[0063] At (6), the controller 122 utilizes the determined correlations to generate per-wordline read voltage offsets. In one embodiment, the controller 122 may generate per-wordline read voltage offsets by selecting a given output layer value with a highest correlation to the input layer (e.g., a most likely collection of read voltage threshold offsets). In another embodiment, the controller 122 may generate per-wordline read voltage offsets by combining one or more output layer values. For example, the controller 122 may determine a read voltage offset for a given read voltage threshold by a linear combination of potential read voltage offsets indicated within the output layer, weighted according to a probability that the input layer corresponds to the respected offsets. Illustratively, the controller 1 22 may determine that a wordline within a first location of a block 128 and having a given optimal value for a first read threshold is likely to have an offset for the first read threshold of n volts relative to general read voltage thresholds for the block 128. Thereafter, at (7), the controller 122 can store the determined wordline-level offsets in the configuration data store 124 for future use in reading from wordlines 204. Specifically, as shown in interaction (8), the controller 122 can apply the determined offsets when reading from wordlines 204 of the memory 126, to modify operating parameters that otherwise would be used to read from the wordlines 204. Because these offsets are expected to better reflect optimal read voltage thresholds for the wordlines 204, the accuracy of the controller 122 in reading information from the memory is expected to increase.

[0064] While embodiments are described above with respect to one grouping of memory cells— wordlines 204— embodiments of the present disclosure may be applied to determine correlations between characteristics of any grouping of memory cells and offsets to operating parameters that would otherwise be applied to the memory cells. Moreover, while a relative location within a block 128 and optimal read voltage thresholds are discussed above as examples of characteristics of a group of memory cells, other characteristics may additionally or alternatively be used. Such characteristics may include, for example, a failed bit count of the block 128, a programming for the block 128, an erase time for the block 128, or a number of programming loops needed to program the block 128. Similarly, while read voltage thresholds are discussed above as an example of operating parameters, the embodiments described herein may be used to correlate cell characteristics to any of a variety of operating parameters discussed herein. Thus, the interactions of Fig. 5 are intended to be illustrative in nature.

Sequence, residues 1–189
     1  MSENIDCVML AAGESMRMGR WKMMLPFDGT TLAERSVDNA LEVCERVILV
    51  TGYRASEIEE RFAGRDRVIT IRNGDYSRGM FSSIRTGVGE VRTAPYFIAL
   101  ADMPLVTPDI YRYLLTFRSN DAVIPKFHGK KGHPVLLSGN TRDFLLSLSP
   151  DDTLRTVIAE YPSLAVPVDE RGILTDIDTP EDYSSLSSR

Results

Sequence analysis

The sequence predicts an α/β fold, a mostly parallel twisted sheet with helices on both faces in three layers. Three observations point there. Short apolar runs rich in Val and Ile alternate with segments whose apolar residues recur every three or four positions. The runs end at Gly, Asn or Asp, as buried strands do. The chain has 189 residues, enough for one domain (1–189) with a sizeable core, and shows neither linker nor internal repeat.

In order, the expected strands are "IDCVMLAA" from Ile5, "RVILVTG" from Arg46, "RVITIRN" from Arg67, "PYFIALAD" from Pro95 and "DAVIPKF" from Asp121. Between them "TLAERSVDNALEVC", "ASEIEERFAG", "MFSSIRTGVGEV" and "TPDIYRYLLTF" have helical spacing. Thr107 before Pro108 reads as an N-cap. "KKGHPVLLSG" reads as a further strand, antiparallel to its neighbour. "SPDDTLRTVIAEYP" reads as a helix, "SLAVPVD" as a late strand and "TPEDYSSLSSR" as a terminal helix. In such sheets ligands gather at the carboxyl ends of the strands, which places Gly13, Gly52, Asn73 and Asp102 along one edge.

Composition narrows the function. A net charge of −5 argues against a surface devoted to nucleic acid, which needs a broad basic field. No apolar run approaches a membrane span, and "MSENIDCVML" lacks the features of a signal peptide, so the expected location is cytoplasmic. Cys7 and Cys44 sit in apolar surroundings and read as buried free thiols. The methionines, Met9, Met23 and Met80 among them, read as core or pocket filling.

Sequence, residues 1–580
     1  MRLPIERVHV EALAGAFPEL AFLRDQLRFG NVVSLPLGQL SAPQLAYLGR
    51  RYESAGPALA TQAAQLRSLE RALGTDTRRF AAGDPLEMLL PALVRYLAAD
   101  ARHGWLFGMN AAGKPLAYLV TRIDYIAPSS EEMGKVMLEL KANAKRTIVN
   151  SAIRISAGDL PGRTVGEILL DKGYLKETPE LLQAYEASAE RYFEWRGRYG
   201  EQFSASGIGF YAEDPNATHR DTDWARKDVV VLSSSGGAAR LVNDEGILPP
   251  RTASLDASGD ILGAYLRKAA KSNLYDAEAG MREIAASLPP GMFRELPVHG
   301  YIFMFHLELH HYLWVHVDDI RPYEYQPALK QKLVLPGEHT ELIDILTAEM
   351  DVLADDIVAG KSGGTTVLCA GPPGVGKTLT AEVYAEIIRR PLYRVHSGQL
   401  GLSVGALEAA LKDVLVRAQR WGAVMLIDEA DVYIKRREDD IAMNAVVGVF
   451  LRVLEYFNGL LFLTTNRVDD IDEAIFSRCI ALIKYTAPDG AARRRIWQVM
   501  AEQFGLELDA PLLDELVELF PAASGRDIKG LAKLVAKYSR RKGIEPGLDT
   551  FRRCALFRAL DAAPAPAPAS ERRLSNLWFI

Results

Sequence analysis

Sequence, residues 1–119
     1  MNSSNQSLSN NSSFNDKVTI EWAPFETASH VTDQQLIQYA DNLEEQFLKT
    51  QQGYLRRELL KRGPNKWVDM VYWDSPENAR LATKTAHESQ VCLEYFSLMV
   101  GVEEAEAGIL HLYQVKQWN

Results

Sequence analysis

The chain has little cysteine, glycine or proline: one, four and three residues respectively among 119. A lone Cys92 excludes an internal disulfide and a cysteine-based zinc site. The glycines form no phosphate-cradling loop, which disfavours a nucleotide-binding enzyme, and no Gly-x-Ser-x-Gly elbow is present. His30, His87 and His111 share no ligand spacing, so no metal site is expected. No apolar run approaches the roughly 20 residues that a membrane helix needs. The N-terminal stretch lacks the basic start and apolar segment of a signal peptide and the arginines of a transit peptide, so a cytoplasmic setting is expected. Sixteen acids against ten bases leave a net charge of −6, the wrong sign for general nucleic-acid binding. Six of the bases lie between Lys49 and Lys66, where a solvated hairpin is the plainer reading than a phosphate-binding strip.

Implementing Parameter Offsets from Cell Characteristics

Routine for Correlating Wordline Characteristics to Parameter Offsets

[0065] Fig. 6 depicts an illustrative routine 600 for correlating characteristics of one or more wordlines 204 with offsets to operating parameters for such cells, based on a neural network machine learning algorithm. The routine 600 may be implemented, for example, by a controller 122 within a data storage device 104 of Fig. 1 .

[0066] The routine 600 begins at element 602, wherein the controller 122 receives information regarding characteristics of wordlines 204 within a data storage device 104, such as locations of the wordlines 204 relative to blocks 128 of the device, as well as operating parameter information for the wordlines 204, such as optimal read voltage thresholds for the wordlines 204 and read voltage thresholds for a block 128 including the respective wordlines 204. As discussed above, optimal read voltage thresholds for either or both the wordlines 204 or blocks 128 may be calculated in accordance with embodiments of the '340 Publication, incorporated by reference above.